Directing technical assistance in the field will require updated information on the needs and services available in the community. FHI will continue to provide assistance at the district and community level to implement and learn from the findings of the National Data Management System as it becomes a management tool both at the local and the national level. These data will serve as an effective planning tool for the District Social Welfare office and the local organizations.
Since this is a quality assurance measure linked with FHI's role at the national level for systems strengthening, there are no direct targets.
Target Target Value Not Applicable Number of local organizations provided with technical assistance for stratetgic information activities Number of local organiztions Number of OVC served by OVC programs Number of providers/caregivers trained in caring for OVC
Target Populations: Community leaders Street youth HIV/AIDS-affected families Infants Orphans and vulnerable children People living with HIV/AIDS Program managers USG in-country staff Volunteers Children and youth (non-OVC) Caregivers (of OVC and PLWHAs) Out-of-school youth Other MOH staff (excluding NACP staff and health care workers described below) Implementing organizations (not listed above) HIV positive infants (0-4 years) HIV positive children (5 - 14 years)
Coverage Areas: National
Public health evaluation of community anti-stigma intervention
This activity is a follow-up on the 2-year stigma-reduction activity that was approved in the FY 2005 COP. Funds allocated in FY 2005 were to cover activities for the first year. FY 2006 funds were for the final phase of the study which will be completed in FY 2007.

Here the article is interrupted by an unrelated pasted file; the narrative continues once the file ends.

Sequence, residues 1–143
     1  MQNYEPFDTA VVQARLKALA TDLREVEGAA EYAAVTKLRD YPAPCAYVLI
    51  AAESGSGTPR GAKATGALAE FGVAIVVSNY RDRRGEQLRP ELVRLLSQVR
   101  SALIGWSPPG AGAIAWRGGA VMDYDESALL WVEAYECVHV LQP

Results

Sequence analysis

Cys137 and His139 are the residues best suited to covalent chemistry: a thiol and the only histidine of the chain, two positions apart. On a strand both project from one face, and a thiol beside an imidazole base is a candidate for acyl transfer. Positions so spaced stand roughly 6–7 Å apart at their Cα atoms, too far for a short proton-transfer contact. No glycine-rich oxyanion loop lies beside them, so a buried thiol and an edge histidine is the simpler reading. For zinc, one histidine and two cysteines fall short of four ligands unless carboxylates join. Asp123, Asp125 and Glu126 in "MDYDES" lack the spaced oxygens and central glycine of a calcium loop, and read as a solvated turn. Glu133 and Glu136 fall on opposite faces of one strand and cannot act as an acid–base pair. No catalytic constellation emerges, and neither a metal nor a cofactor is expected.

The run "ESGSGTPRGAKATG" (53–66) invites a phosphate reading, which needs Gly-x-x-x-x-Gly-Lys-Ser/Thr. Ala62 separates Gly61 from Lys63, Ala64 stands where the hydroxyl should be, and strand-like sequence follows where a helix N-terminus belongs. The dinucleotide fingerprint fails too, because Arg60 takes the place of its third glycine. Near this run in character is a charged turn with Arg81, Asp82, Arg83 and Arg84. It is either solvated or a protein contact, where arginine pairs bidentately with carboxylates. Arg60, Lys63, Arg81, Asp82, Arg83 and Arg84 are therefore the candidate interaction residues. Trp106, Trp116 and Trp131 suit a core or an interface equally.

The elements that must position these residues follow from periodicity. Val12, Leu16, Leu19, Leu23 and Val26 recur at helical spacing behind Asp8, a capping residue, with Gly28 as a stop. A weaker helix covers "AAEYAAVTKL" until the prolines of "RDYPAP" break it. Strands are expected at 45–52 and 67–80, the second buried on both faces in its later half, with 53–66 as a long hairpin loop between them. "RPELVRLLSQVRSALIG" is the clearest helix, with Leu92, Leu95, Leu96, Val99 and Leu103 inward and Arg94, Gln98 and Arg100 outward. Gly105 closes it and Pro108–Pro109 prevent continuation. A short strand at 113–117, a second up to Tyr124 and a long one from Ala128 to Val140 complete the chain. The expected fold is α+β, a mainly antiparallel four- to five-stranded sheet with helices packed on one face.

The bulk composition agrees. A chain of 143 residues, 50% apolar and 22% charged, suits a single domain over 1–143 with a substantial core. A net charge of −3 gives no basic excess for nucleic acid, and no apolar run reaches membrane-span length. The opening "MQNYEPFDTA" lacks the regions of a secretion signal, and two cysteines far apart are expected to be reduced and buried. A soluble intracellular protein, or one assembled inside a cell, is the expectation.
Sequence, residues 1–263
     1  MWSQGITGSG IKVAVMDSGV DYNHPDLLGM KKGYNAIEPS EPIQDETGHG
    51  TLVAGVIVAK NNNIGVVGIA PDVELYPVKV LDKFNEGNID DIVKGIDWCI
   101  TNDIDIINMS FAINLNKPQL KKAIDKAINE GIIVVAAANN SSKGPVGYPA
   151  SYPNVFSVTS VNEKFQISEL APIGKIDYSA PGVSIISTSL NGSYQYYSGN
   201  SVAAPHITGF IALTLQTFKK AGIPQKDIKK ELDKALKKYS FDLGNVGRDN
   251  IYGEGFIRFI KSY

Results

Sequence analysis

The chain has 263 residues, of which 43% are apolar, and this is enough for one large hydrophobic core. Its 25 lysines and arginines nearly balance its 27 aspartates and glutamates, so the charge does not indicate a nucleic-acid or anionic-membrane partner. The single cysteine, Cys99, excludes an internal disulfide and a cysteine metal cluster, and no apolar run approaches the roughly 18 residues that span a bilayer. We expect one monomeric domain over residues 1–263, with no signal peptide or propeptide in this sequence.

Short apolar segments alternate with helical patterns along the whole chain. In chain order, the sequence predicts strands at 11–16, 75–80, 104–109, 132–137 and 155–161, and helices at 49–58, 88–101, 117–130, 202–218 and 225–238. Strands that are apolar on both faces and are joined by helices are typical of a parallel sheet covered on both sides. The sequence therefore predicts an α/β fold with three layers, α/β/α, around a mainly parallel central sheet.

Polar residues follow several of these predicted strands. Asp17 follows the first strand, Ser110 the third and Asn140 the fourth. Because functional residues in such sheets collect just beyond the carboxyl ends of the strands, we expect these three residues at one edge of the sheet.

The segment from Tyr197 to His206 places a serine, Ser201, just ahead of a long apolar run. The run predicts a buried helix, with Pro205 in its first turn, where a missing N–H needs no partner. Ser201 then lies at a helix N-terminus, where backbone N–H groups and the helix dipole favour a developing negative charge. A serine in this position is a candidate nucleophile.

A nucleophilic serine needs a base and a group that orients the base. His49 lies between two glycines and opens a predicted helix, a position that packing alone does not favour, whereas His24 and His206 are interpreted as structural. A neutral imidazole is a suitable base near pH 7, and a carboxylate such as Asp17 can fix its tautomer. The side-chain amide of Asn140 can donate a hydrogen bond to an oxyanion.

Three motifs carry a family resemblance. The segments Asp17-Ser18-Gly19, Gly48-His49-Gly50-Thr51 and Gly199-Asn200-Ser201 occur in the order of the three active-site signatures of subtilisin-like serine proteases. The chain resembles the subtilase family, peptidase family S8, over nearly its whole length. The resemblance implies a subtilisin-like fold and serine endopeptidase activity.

Stigma and discrimination is a barrier to effective HIV programs, including uptake of VCT, PMTCT, ARV and opportunistic infection treatment, adherence to treatment, care and support for PLWHA and OVC, as well as behavior change. Reducing stigma and discrimination is essential to meeting the goals of the President's Emergency Plan. It will help create an environment that will support people to increase the uptake of services, such as seeking HIV testing, disclose HIV sero status, access treatment, adhere to drug regimens, and ensure care and support for PLWHA and OVC. The need to address HIV-stigma and discrimination has now been clearly recognized in Tanzania and by the President's Emergency Plan, and is a key cross-cutting issue that runs through all HIV/AIDS programming. For the past four years the International Center for Research on Women (ICRW) and Muhimbili University College of the Health Sciences (MUCHS) have been working together to collect data to inform the design of stigma-reduction programs, develop practical tools, adapt and translate these tools into Swahili and begin to develop a standard set of HIV stigma and discrimination indicators for measuring program success. In addition, they have worked closely with Kimara Peer Educators and Health Promoters Training Trust (Kimara Peers) during the data collection phase, in developing intervention tools and also in developing a community stigma reduction program. Building on the foundational work done by ICRW and MUCHS in Tanzania, Kimara Peers has just completed implementing a pilot model community-based stigma reduction program, through a grant from the REACH project. Intervention activities ended in April 2006. It is critical that this first-of-its-kind model program be systematically evaluated to examine whether it has had the intended impact in both the short-term (immediate effect) and longer-term (sustained effect), as well as to capture and document lessons learned to allow for feasible replication and scale-up of stigma-reduction.